The Palladium Cinema in downtown Srinagar is the subject of a new programme in the BBC radio series, The Museum of Lost Objects. The programme is presented by Kanishk Tharoor and produced by Maryam Maruf. It looks at the changing use of the building: cinema, political rallying point, interrogation centre, security forces bunker. Here's the link to the audio:
Indian Front was a communist-aligned journal published by Indian students and ex-pats in England in the 1930s - it had earlier been known as Bharat and then as New Bharat.
This brief but conspicuously well informed and written piece on Kashmir appeared in the issue for March 1934. 'The truth is that the people of Kashmir are exceedingly poor and that they have been cruelly exploited ...', the article asserts. 'They are in almost permanent rebellion against this exploitation.'
The forty-four page New Kashmir manifesto adopted by Sheikh Abdullah's National Conference in 1944 has been described by the political scientist Sumantra Bose as 'the most important political document in modern Kashmir's history'. It was a radical document - indeed Abdullah described it as a 'revolutionary document' - in the form of a draft constitution for (then princely-ruled) Jammu and Kashmir ... drafted by communists and based largely on the Soviet constitution.
The content is remarkable - but let's focus for the moment on the cover design of New Kashmir when issued in English as a booklet. It's not dated, but is certainly from the 1940s - and probably the mid-1940s. The design is striking - the colour, the lettering, the image, all suggest a radical and progressive approach to politics. It is not a staid, old-fashioned type of political manifesto.
It's noteworthy that a woman was chosen as the sole person to appear in the design. She is not drawn with any great distinction. Her head is covered, and she appears to be wearing a pheran, the cloak-style garment which is a hallmark of Kashmiri dress. She is wielding the National Conference flag adopted a few years earlier - a white plough on a red background. As the British communist Rajani Palme Dutt once commented, it has more than a passing similarity to the traditional communist 'hammer and sickle' flag (the one below is the emblem of a small Indian far left party).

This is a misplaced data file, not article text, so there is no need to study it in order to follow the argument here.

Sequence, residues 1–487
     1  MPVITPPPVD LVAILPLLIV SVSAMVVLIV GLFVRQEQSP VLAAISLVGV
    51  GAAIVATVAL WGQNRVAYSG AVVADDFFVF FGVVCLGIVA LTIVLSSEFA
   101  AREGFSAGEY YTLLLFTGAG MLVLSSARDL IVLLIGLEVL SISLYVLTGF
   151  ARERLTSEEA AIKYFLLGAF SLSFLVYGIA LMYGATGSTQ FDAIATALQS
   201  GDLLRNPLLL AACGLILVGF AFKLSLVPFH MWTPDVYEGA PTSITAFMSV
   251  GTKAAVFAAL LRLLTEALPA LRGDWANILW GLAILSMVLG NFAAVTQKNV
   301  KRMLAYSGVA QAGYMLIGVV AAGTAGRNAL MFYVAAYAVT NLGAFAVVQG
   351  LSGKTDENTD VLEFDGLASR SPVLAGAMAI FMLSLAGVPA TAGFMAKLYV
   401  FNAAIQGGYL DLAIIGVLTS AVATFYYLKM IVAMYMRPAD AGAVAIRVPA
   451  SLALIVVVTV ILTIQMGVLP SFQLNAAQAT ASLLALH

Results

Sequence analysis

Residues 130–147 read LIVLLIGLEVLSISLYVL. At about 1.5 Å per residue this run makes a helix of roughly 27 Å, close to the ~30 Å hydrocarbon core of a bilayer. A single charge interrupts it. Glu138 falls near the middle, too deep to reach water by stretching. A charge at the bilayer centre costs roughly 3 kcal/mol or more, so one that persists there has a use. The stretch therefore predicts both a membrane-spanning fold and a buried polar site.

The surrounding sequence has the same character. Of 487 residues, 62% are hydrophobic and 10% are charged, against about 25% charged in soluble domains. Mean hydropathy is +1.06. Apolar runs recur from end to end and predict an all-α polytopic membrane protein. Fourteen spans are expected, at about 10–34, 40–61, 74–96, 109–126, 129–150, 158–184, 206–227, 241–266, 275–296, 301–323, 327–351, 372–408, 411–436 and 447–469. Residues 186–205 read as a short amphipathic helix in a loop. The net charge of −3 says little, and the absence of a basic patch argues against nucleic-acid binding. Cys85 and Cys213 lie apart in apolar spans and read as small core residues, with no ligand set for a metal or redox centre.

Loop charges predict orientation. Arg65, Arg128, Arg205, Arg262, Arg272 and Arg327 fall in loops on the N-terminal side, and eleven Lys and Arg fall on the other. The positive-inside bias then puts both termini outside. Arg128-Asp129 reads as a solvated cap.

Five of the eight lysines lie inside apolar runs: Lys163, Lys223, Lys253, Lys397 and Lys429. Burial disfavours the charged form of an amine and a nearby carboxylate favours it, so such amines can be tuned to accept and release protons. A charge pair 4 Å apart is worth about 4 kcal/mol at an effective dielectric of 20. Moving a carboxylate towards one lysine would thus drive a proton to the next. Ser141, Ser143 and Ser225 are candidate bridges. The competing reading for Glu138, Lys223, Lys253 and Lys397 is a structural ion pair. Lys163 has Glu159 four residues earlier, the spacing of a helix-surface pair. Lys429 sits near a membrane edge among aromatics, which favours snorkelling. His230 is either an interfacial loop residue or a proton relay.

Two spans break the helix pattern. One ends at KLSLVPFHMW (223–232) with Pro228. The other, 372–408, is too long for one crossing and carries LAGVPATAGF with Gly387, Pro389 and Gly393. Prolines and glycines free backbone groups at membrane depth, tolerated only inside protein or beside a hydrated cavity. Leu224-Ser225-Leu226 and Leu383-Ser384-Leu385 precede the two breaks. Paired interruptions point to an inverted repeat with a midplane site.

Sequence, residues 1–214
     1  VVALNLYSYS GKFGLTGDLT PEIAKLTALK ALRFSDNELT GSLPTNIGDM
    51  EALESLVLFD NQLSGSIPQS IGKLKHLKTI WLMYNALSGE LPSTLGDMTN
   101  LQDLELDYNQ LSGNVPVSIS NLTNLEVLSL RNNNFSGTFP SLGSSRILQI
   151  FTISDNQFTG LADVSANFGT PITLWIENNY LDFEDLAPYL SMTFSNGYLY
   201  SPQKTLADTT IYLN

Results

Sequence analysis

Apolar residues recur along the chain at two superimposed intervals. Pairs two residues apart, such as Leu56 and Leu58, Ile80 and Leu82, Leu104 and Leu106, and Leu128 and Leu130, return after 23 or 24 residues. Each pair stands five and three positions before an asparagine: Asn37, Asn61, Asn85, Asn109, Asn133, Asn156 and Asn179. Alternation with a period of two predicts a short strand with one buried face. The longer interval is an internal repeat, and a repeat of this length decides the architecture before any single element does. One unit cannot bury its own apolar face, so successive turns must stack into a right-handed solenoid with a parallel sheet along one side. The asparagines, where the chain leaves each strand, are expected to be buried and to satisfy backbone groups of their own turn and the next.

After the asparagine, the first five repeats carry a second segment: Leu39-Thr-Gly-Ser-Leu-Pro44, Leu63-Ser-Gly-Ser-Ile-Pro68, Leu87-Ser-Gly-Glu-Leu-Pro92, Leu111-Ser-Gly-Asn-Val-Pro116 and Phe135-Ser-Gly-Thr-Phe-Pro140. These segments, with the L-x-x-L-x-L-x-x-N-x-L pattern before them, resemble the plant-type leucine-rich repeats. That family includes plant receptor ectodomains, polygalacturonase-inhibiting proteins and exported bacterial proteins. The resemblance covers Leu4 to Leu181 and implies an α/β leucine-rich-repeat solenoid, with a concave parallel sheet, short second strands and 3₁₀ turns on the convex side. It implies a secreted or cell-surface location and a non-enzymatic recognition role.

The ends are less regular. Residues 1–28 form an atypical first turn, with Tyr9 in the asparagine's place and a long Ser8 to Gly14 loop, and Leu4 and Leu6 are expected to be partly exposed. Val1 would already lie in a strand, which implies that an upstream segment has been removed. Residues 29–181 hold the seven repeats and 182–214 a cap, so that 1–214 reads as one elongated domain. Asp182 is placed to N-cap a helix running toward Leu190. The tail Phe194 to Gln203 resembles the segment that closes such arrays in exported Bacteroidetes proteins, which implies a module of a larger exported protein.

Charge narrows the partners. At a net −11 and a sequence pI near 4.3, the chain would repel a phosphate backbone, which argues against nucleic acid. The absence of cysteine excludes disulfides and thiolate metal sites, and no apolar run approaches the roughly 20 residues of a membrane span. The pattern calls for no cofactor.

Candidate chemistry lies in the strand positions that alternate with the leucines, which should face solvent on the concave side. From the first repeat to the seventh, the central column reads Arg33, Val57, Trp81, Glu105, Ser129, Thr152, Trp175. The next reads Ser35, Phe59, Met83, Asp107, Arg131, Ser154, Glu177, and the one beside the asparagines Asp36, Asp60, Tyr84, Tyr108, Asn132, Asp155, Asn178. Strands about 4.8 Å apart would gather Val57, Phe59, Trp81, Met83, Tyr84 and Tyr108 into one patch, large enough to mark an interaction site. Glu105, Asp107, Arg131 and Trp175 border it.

In terms of derivation, the New Kashmir cover design carries an echo of Marianne, the symbol of the French Republican tradition.
Her most famous representation is in
Eugene Delacroix's renowned 1830 painting, 'Liberty Leading the People'. You can see the similarities between the two images of flag-wielding women. Did the designer of the New Kashmir cover have Marianne in mind?
This is the report of the remarkable interview which Sheikh Abdullah gave to a British journalist in 1949 in which he spoke of the option of an independent Kashmir. According to H.L Saxena (in The Tragedy of Kashmir, published in 1975), the Times of India spotted the story and wrote it up, which in turn prompted an angry Sardar Patel to upbraid Sheikh Abdullah. But it's also an indication that Sheikh Abdullah's interest in independence had been germinating for some years prior to his dismissal as Jammu and Kashmir's prime minister and arrest in August 1953.
The interview was conducted by Michael Davidson, who worked mainly for the Observer - though this article appeared in the Scotsman of 14 April 1949. It is a hugely interesting interview - for Sheikh Abdullah's comments about independence, neutrality and communist influence.
The page lay-out means that a few lines have, in the image above, been missed off both columns. For the record, the first column concludes with these additional words:
'autocracy: our sympathies went to the Indian Congress, because Congress supported the struggle of the peoples of the States against Princely autocracy. Jinnah's Moslem League didn't - its leaders backed the rulers of Hyderabad and Bhopal against the people's democratic movement, because these Princes were communally-minded and, therefore, Pakistan's greatest supporters.'
The second column concludes:
'they do not say so publicly) are resigned to the principle of partition - so is India. A neutral Vale of Kashmir would remove the [illegible] of those leaders, like Nehru, with vision and genuine concern for the welfare of the common people, are likely to examine the plan objectively and without rancour.'
For those interested in Kashmir's history, here are some resources which will be of interest and value ... and please offer documents, images, photographs.